<p><input type="submit" value="Send"></p>

...for you to access the POST'ed data then you would need to add another 'route' to handle it. But this time instead of using a get request it would be a post request like so…

post '/projects' do
    # do something with the form fields
    user = params[:user]
    pass = params[:password]

…you'll notice that the form data is passed to the block using special parameters called params. So in the above example we had two form fields with the names user and password and we're assigning their values to the variables user and pass where we can now do validation on the values.

You can also use the URL path as a way for the user to interact with your application. For example if you had a page which added two numbers together then it could be handled directly via the URL as follows…

get '/add/:a/:b' do |a, b|
    "#{a.to_i + b.to_i}"

…this would display on the page the result of adding a and b together. So if I went to the URL http://localhost:4567/add/2/2 then this would display 4 as that would be the result of 2 + 2 (which was the two parameters I specified within the URL).

Loading templates

Now at the moment we're using the fact that with Ruby, the last expression inside a function is what gets returned from that function. These calls to get and post are actually function calls hidden behind an abstraction. So in my original example we were displaying "Hello World!" to the page because that was the last expression inside the get call.

But we ideally want to be displaying HTML to the user! To do this we'll use 'templates'.

Note that templates can be inlined inside your Ruby code, but personally I prefer them to be external because I think that's a lot cleaner and abides by the 'separate of concerns' rule (which I like to keep to whenever possible).

Our code is going to start looking something like this…

get '/' do
    erb :home

get '/projects' do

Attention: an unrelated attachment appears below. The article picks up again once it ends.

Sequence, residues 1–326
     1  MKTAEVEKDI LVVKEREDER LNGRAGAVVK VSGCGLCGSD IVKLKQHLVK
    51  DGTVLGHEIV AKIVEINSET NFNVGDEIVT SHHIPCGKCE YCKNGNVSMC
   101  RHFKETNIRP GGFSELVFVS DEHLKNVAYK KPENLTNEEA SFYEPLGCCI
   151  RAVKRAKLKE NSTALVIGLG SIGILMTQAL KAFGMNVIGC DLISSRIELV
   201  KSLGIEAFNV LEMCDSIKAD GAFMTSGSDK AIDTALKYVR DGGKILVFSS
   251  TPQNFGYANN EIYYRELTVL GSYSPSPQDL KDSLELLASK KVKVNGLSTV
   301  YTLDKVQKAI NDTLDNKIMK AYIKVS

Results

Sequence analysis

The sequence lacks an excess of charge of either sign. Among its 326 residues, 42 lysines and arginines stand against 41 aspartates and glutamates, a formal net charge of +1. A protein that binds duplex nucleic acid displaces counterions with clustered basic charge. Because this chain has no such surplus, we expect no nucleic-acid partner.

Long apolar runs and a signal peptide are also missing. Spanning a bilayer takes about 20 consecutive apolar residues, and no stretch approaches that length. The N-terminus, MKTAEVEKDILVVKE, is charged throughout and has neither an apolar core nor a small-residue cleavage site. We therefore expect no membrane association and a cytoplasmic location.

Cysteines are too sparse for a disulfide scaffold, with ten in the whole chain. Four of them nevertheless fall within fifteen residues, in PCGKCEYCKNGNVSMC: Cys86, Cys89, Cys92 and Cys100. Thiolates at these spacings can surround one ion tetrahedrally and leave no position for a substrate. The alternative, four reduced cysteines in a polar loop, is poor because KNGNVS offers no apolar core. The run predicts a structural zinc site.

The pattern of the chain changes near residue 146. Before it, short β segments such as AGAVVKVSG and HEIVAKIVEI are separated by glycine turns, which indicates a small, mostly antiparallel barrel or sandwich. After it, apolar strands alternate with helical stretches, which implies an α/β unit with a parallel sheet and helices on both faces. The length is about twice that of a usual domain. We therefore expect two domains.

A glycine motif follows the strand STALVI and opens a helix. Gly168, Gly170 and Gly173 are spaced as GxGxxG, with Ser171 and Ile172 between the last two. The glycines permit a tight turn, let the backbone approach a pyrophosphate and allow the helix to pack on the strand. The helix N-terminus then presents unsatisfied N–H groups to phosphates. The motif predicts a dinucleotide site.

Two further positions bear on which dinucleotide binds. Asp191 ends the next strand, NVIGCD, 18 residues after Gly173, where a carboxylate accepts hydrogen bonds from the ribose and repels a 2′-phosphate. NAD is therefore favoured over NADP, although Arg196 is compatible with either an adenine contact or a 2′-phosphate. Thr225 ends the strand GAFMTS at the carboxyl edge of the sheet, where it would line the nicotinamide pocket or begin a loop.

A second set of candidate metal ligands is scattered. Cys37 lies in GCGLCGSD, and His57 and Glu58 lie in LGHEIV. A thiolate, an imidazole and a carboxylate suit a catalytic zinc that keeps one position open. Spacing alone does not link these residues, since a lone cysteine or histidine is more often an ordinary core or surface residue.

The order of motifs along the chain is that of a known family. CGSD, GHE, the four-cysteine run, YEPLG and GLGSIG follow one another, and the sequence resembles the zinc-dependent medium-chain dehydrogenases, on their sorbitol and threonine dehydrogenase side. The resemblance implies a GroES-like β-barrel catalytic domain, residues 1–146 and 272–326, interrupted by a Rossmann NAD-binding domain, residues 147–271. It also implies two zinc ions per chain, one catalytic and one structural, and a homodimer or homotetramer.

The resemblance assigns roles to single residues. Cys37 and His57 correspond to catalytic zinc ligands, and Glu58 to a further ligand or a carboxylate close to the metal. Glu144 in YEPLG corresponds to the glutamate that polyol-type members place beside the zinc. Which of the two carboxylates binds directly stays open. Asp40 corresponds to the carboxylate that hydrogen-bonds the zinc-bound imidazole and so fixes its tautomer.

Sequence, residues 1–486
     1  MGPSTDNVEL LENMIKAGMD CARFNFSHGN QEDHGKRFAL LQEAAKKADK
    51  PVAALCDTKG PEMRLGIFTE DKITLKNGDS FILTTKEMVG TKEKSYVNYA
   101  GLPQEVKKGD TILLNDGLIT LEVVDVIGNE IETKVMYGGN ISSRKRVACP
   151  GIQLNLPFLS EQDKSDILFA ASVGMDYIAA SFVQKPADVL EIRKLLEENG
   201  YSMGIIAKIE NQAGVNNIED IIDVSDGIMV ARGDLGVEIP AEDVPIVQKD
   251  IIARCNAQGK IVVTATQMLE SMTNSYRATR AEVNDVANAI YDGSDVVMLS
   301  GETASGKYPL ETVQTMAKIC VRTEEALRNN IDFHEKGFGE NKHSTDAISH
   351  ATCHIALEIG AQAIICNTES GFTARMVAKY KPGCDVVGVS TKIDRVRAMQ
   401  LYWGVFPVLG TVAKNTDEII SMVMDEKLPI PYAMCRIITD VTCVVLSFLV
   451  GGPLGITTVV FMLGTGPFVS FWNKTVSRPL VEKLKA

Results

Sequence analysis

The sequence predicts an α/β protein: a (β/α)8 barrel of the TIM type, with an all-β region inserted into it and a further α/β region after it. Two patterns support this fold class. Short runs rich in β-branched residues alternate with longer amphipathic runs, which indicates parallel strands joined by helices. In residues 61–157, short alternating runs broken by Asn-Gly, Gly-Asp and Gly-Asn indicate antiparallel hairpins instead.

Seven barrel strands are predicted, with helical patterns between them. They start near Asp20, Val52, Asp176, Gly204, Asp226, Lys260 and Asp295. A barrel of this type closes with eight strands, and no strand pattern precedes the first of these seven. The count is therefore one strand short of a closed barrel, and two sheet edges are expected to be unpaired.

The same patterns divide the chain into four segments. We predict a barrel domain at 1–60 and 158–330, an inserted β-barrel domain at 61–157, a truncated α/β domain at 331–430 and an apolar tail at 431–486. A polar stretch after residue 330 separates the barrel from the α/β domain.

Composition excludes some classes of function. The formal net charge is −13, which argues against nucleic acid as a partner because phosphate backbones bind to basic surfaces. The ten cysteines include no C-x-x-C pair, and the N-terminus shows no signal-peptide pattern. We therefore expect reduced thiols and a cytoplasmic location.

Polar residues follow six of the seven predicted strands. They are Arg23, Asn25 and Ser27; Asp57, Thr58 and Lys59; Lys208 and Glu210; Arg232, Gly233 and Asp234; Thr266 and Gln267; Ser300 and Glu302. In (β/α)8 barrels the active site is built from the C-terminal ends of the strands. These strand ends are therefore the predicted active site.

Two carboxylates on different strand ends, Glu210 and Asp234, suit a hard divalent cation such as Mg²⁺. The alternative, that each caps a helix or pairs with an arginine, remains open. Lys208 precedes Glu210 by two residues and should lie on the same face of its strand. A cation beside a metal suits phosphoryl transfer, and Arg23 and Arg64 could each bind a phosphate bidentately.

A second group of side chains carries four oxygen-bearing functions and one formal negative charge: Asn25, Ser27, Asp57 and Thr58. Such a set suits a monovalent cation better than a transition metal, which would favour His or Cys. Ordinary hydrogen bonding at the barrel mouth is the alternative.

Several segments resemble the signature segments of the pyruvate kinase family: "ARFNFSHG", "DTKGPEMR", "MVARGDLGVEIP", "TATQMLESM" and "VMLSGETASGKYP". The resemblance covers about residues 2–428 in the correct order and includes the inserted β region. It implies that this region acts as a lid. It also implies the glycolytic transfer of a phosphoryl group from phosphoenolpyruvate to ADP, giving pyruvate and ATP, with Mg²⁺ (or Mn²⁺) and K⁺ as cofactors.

erb :projects

…what this is doing is using ERB (which stands for 'Embedded Ruby') and is the standard templating language available in Ruby - although there are many templating languages you could load and use in its place. What we've said here in our code is load the :home template (.erb file) when on the home page, and load the :project template (.erb file) when on the projects page.

By default Sinatra looks for templates inside of a root folder called views (you can change this if you want but I didn't bother as views made the most sense for a folder containing 'templates').

Inside our views folder we'll need to create two files then: home.erb and projects.erb and they'll look a little bit like this…

<!-- home.erb -->
<p>HTML content for my home page</p>

<!-- projects.erb -->
<p>HTML content for my projects page</p>

Now this doesn't look like much of a HTML page, and that's because I'm using (or I'm going to be using very shortly) what Sinatra refers to as a main layout file and this 'layout' file will contain the rest of my HTML code and will be wrapped around my above templates.

What this means is I can have a 'master' HTML file that stays the same for every page and I can load my templates into that master layout. This is done by creating a layout.erb file (also within the views folder). If Sinatra finds a layout.erb file it will automatically use it as a master layout for all your templates.

But if I didn't create a layout.erb file then I could have modified my templates above to include a full set of HTML like so…

<!-- home.erb -->
<!doctype html>
        <meta charset="utf-8">
        <title>My Page</title>
       <p>HTML content for my home page</p>

…but I prefer having a master layout to handle this stuff, so lets create a layout.erb file (within the views folder) and add the following content to it…

<!-- layout.erb -->
<!doctype html>
        <meta charset="utf-8">
        <title>My Page</title>
       <%= yield %>

…you should notice the Ruby tags <% %> which are used to place Ruby code inside of them. Here we're telling Ruby to yield to the template file we're loading. So for example when a user accesses the home page and we load home.erb, we're effectively loading the layout.erb file and telling it that when it reaches the body tag we want it to load in the content from the home.erb file into it so it will end up rendering in the web browser like this…

<!doctype html>
        <meta charset="utf-8">
        <title>My Page</title>
       <p>HTML content for my home page</p>